Thu, 25 Nov 1999 16:52:11 GMT
Signed message created at Thu Nov 25 11:52:01 1999 by zblaxell@lain
[ Sorry for answering a FAQ, but I'd like to know how well I really know
this stuff ;-) ]
On Wed, 24 Nov 1999 19:30:42 -0800 (PST), Todd A. Jacobs <nospam@codegnome.=
>On Sun, 21 Nov 1999 firstname.lastname@example.org wrote:
>> something, someone that has my public key but let's say is running PGP
>> whatever version, they *can* decrypt my messages right?
>Only the owner of the secret key can decrypt a message once it has been
>encoded for that key. In short, the answer is "no."
But perhaps erikg meant to ask a different question:
If someone is running PGP whatever version, and you send them an encrypted
message with their public key, can they decrypt it?
If you can get an implementation of RSA and IDEA from somewhere and
load it into GnuPG as an extension, theoretically you can do this.
Supposedly, you can send a PGP message to someone with a PGP version
2.x public key like this:
gpg --load-extension idea --load-extension rsa --rfc1991 \
--digest-algo md5 --cipher-algo idea \
--encrypt --recipient <user ID> message-file.txt
However, I just tested this with PGP 2.6.3a, and it didn't work. I
created a new user account (so there's no user-specific configuration
lying around), generated a passphrase-less PGP key, exported the public
key from PGP, imported it into GPG, then tried to generate an encrypted
message with GPG and decrypt it with PGP. Everything went well except
for decrypting it:
$ pgp -d test
Pretty Good Privacy(tm) 2.6.3a - Public-key encryption for the masses.
(c) 1990-96 Philip Zimmermann, Phil's Pretty Good Software. 1996-03-04
Uses the RSAREF(tm) Toolkit, which is copyright RSA Data Security, Inc.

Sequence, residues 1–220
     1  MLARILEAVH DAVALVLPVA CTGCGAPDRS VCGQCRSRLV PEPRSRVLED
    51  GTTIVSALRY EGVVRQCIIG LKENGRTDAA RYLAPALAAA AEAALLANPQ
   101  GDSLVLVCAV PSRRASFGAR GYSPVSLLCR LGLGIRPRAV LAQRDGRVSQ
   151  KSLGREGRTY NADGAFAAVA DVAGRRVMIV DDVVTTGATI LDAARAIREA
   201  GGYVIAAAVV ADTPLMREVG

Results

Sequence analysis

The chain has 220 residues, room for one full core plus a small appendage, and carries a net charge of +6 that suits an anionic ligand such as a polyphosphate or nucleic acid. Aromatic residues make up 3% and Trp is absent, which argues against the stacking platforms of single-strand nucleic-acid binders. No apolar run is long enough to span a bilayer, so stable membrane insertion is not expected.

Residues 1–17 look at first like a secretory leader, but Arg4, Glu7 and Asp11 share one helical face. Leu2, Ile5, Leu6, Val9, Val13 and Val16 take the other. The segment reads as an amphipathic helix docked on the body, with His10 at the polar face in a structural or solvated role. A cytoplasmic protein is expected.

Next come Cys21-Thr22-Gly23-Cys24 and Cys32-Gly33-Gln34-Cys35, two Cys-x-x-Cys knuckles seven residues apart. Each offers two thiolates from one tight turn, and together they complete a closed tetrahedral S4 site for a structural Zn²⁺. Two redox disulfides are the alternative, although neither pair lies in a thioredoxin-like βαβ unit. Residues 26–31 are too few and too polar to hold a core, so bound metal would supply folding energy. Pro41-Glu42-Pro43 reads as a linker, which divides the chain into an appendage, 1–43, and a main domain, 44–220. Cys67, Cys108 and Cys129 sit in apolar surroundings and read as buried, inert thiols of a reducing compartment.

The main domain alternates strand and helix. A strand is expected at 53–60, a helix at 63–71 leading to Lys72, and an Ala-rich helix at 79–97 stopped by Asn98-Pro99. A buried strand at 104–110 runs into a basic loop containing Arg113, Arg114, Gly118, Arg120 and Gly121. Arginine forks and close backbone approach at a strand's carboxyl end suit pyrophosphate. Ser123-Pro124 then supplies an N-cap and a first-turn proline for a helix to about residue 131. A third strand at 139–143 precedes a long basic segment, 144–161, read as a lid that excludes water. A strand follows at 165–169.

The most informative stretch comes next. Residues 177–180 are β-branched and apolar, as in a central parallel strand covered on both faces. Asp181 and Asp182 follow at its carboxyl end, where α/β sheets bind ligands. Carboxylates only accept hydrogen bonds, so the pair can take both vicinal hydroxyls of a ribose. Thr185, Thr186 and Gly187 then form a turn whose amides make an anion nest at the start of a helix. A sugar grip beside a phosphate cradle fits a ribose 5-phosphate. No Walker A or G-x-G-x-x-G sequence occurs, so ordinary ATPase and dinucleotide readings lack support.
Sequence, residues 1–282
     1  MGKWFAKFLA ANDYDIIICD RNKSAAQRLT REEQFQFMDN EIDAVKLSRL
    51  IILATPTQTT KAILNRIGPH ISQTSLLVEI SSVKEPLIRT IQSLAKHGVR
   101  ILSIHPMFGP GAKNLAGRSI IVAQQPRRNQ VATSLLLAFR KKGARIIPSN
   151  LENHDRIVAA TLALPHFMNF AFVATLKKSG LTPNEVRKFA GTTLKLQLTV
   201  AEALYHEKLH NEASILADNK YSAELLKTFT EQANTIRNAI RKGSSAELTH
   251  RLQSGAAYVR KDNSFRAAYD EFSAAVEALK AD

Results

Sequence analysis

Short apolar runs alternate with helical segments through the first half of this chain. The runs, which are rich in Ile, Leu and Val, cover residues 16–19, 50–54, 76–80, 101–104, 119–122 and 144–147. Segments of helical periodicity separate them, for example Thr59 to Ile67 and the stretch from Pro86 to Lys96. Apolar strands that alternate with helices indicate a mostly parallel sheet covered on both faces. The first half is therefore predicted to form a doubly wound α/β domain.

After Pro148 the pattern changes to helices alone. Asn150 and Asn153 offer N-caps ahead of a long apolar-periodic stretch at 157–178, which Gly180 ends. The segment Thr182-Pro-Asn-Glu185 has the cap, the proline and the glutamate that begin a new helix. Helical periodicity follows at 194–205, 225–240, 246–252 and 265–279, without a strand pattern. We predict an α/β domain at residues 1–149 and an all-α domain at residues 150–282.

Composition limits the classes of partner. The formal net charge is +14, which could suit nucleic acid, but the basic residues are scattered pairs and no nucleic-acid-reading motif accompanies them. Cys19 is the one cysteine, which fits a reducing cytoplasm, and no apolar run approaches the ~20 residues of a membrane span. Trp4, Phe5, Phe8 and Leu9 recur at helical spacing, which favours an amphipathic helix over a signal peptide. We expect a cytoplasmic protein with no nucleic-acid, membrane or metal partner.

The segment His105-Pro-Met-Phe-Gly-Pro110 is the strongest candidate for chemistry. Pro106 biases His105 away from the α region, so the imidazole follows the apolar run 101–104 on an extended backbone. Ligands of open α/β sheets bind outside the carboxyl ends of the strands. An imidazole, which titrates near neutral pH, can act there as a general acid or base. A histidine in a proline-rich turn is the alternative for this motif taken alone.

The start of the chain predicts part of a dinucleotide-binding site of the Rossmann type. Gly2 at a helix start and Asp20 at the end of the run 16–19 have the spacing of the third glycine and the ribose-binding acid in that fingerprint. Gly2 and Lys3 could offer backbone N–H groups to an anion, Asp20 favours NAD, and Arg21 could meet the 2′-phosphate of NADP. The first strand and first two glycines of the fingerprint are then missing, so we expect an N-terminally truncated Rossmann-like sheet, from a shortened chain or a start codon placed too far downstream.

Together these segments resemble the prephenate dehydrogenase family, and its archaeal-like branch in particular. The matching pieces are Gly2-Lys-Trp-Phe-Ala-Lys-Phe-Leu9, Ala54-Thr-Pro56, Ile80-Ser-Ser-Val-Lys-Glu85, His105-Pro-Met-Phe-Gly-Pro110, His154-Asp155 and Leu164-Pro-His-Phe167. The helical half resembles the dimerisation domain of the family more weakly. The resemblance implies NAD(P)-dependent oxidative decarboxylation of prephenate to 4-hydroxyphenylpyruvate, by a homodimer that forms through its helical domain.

Distributed by the Massachusetts Institute of Technology.
Export of this software may be restricted by the U.S. government.
Current time: 1999/11/25 16:07 GMT
File is encrypted. Secret key is required to read it.=20
Key for user ID: John Q. Smith <email@example.com>
1024-bit key, key ID C47E0345, created 1999/11/25
Advisory warning: This RSA secret key is not protected by a passphrase.
Just a moment....
Error: Decrypted plaintext is corrupted.
For a usage summary, type: pgp -h
For more detailed help, consult the PGP User's Guide.
If someone wants to look at this, secret keys and all (I generated the
secret keys only for the purpose of this test--normally I don't use PGP
at all), let me know.
>> really understand the trust thign.. I typed gpg --edit-key Acid-Duck
>You assign trust based on how much you trust the owner of the key to
>authenticate other keys.=20
Trust is a measure of whether or not you believe that the key belongs
to a particular person. Mallory could generate a key with "Acid-Duck"
and an email address in the user ID (not the same key data as the one you
generated, but key data with the same name attached), and give it to Bob.
If Bob encrypts a message with that key, Mallory (and only Mallory)
can read it. Mallory might pass the message along to you with your
public key, and Mallory might even pull the same trick on you so that
when you send mail to Bob, Mallory can read it. As long as you and Bob
never verify each other's keys, you'll never know that Mallory reads
all your mail.
If you trust Alice, you can tell gpg that you want gpg to trust Alice's
key (by signing it with your key), as well as any key signed by Alice.
If Alice also signs Bob's real key, then you can tell the difference=20
between Bob's real key, and the fake key with the same user ID generated
AFAICT, this doesn't change very much of GPG's behavior...it will still
verify signatures and return 0 exit status, even for untrusted keys.
However, GPG will give you warning messages, and it will prompt you if
you attempt to send a message to an untrusted key. For people writing
wrappers around GPG (e.g. mail programs and GUIs), GPG will also output
information on --status-fd about the GPG computed trust value.
I don't speak for Corel. firstname.lastname@example.org at work, email@example.com
at play. GPG-encrypted email preferred at firstname.lastname@example.org
GPG @ Home fingerprint: 2B32 546D 21A5 0DB2 20C8 AF10 1D4A 610E 6972 2DEE
GPG @ Work fingerprint: CC25 D214 1B4B 2767 51B9 51E5 58DD 13B9 875B C08E
-----BEGIN PGP SIGNATURE-----
Version: GnuPG v1.0.0 (GNU/Linux)
Comment: For info see http://www.gnupg.org
-----END PGP SIGNATURE-----
The address in the headers is not the poster's real email address. Do not send
private mail to the poster using your mailer's "reply" feature. CC's of mail
to mailing lists are OK. Problem reports to "email@example.com".
The poster's email address is "firstname.lastname@example.org".